ON THE FIRST TWO NIGHTS I was gifted clear skies and no moon. The Milky Way arced from the north of the island, disappearing into the lighthouse on the southern end. Looking towards the core of the galaxy along its long coiling arm, millions of stars shimmered in the crystal skies. Satellites rotated their lonely journeys and planes commuted across the northern hemisphere. Clouds drifted in and out. Shooting stars left burning trails as I silently made wishes.
It was clear to see our relationship with space as a rock in the galaxy, rather than the centre of everything. The island had reminded me we are here by chance not by right.
I’d arrived on the Tuesday for a five-day stay on the remote Bardsey Island or Ynys Enlli: a remote rock two miles off north-west Wales’ Lleyn Peninsula with no cars, paved roads, electricity grid or indoor toilets. Here the elements scrape against the bare land, but the roaring winds and passing squalls allow a small pocket of people to exist on the rock like beautiful but inconspicuous lichens.
The island is tiny: one and a half miles long and half a mile wide. There’s a rich timeline of life from Iron Age settlements through to the modern-day: artefacts and evidence have been found that show it has been populated for over four thousand years. In recent centuries it became an important centre for Christian pilgrimages, hence legends of 20,000 saints buried on Bardsey.
The first boat arrives in the morning if the sea and tides permit, a lifeline that is eagerly welcomed. Sometimes it is full of awestruck day-trippers, a few for the first time but many returning to revisit where they left a bit of their hearts last time. The boat is greeted by a gaggle of children, happy residents, wardens and not-so-happy people returning to the mainland. This was my second trip. Having been captivated with the landscape last time, I was back for a few days photographing, walking and trying to capture the rich essence of the island.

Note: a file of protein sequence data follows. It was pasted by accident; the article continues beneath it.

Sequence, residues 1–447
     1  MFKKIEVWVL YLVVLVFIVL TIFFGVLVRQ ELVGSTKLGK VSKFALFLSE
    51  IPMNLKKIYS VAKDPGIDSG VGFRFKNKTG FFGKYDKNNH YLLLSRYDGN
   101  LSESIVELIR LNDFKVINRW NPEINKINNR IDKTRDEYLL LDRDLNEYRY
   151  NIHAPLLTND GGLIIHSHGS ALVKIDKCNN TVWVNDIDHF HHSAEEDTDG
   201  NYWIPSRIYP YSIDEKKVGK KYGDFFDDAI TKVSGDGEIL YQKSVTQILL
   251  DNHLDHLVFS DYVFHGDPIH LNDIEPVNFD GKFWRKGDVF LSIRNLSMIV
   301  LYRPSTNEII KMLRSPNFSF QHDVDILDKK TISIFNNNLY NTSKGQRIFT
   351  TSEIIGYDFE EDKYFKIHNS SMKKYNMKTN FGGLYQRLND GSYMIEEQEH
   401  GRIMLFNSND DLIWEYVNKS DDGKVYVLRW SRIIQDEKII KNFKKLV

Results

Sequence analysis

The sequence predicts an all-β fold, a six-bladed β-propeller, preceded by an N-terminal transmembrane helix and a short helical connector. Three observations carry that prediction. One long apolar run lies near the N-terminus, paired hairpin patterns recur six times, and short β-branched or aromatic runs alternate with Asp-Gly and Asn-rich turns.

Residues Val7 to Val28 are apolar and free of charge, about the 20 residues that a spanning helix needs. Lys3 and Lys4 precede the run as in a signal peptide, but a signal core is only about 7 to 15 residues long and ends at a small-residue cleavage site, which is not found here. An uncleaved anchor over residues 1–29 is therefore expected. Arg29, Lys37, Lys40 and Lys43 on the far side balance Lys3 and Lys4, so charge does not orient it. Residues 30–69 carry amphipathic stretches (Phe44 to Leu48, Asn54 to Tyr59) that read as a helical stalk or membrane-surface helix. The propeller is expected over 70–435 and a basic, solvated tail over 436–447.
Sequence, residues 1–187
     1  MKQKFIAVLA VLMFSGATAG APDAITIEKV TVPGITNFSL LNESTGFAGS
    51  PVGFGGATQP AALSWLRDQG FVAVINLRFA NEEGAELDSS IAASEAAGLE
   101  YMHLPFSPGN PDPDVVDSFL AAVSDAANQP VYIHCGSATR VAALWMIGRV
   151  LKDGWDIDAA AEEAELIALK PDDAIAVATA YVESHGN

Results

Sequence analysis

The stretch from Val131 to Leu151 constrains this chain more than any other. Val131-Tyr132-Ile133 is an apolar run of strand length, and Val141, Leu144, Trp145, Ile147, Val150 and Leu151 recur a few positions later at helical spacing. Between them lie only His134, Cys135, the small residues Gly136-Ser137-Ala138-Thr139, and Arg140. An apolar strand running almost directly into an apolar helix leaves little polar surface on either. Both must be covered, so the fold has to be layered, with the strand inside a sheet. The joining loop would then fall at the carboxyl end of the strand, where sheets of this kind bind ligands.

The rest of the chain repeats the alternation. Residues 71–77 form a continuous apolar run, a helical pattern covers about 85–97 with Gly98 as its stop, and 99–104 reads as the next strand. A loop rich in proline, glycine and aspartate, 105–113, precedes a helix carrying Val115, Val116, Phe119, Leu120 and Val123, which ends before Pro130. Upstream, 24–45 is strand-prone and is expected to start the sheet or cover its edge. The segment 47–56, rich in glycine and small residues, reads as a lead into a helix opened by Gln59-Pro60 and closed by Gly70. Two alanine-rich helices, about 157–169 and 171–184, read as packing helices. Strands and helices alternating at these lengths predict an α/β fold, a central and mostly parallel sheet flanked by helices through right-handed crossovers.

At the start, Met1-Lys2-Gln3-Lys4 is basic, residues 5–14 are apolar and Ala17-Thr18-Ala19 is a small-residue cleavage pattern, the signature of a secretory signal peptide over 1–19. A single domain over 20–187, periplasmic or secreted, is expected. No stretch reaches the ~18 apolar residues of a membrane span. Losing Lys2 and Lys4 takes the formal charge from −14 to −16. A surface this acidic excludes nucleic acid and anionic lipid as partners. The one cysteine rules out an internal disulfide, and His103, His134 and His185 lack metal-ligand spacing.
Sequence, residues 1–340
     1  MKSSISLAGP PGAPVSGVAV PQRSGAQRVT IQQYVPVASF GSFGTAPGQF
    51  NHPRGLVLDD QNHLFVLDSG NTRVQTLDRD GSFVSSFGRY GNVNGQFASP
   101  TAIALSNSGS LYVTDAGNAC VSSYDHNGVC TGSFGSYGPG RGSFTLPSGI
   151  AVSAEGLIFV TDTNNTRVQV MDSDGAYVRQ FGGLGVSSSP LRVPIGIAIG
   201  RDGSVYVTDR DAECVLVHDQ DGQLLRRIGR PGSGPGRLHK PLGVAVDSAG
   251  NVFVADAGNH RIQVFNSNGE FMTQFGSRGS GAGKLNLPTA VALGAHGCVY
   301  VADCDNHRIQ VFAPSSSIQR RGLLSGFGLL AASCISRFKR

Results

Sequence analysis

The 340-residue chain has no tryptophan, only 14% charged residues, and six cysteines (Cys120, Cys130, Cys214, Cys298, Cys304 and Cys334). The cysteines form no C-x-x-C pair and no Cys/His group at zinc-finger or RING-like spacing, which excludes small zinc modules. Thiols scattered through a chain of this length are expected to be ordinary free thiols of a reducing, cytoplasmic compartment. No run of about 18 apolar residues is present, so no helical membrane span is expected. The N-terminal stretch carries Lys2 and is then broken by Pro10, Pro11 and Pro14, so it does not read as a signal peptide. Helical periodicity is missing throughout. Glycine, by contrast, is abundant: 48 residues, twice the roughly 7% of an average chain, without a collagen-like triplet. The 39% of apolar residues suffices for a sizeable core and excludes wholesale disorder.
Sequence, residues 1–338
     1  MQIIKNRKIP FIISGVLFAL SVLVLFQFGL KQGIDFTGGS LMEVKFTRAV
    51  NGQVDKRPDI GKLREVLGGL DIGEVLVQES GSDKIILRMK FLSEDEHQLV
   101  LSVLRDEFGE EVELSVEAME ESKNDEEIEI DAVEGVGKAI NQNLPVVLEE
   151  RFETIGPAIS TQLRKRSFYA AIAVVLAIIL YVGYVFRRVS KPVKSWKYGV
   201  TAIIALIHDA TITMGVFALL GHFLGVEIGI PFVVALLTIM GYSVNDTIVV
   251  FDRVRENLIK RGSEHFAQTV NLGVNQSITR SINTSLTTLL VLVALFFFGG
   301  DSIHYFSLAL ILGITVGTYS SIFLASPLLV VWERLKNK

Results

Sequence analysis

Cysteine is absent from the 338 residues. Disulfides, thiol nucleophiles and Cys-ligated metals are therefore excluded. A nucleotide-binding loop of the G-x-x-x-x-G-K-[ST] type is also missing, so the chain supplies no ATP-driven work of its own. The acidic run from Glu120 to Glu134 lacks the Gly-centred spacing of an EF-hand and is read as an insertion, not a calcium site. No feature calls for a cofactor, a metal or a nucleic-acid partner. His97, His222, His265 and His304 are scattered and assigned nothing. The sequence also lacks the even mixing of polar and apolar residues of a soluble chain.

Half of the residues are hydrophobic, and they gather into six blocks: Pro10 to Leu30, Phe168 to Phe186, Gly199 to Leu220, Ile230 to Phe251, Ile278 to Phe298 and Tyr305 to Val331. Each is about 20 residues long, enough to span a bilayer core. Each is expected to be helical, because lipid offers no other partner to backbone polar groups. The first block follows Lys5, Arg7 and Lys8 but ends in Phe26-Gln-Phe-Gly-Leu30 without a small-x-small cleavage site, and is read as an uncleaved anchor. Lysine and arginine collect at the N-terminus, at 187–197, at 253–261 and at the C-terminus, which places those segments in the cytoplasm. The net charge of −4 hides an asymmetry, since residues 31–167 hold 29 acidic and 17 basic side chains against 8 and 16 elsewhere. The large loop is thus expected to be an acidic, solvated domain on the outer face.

After the first night, I started to settle into island life. Gareth the fisherman and-farmer brought me a small lobster and a tub of butter after I’d asked in passing if anyone had any spare last night. A small shop sells essentials, such as home-grown vegetables and wine, but all other food has to be brought in.
Most of the houses were built in the 1870s. They are heated by wood burners, light is provided by solar lamps, and the kitchens are mostly made of cold, beautiful slate. There is the modern addition of a gas cooker and a fridge. All water has to be boiled and filtered. In Nant (my house), the bathroom is a bowl and a hot kettle in a small room upstairs. The toilet is a Ty Bach (small house) outside, a compost-and-sawdust affair that requires nerves of steel and an open mind.
The island is crisscrossed with pathways that allow you to explore everywhere. The highest point is Mynydd Enlli at 167 metres (547 feet). From here the view is incredible: south over the square iconic red and white lighthouse, east along the Lleyn Peninsula towards Snowdonia, north towards South Stack lighthouse on Anglesey, and west over the wide-open seas towards Ireland. The coastal path leads you beautifully around the island. There are coves and beaches to be explored. I divided the island into four: the mountain and east slipway, the north coves, the rugged sea-weathered west coast, and the south point, with its magnificent lighthouse. One of the benefits of being on an island there is always a sheltered side.
Continue reading your story on the app